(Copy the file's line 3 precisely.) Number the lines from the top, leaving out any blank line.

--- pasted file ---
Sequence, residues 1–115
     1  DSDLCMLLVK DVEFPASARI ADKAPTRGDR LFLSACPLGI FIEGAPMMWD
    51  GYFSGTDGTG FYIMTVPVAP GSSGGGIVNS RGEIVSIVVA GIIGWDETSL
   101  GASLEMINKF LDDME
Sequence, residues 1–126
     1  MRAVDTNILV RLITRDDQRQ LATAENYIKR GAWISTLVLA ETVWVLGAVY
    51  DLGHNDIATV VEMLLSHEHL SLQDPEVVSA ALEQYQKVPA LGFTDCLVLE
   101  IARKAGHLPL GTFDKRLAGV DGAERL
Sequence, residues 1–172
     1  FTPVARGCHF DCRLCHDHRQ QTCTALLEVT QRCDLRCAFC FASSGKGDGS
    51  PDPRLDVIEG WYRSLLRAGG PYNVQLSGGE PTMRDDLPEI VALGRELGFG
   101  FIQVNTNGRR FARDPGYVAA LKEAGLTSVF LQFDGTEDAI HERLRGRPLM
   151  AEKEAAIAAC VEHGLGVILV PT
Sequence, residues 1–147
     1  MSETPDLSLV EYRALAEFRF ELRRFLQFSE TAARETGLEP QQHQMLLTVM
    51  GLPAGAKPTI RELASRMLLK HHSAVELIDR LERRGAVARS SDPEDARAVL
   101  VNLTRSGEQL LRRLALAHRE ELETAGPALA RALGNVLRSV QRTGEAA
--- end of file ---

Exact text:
    51  GYFSGTDGTG FYIMTVPVAP GSSGGGIVNS RGEIVSIVVA GIIGWDETSL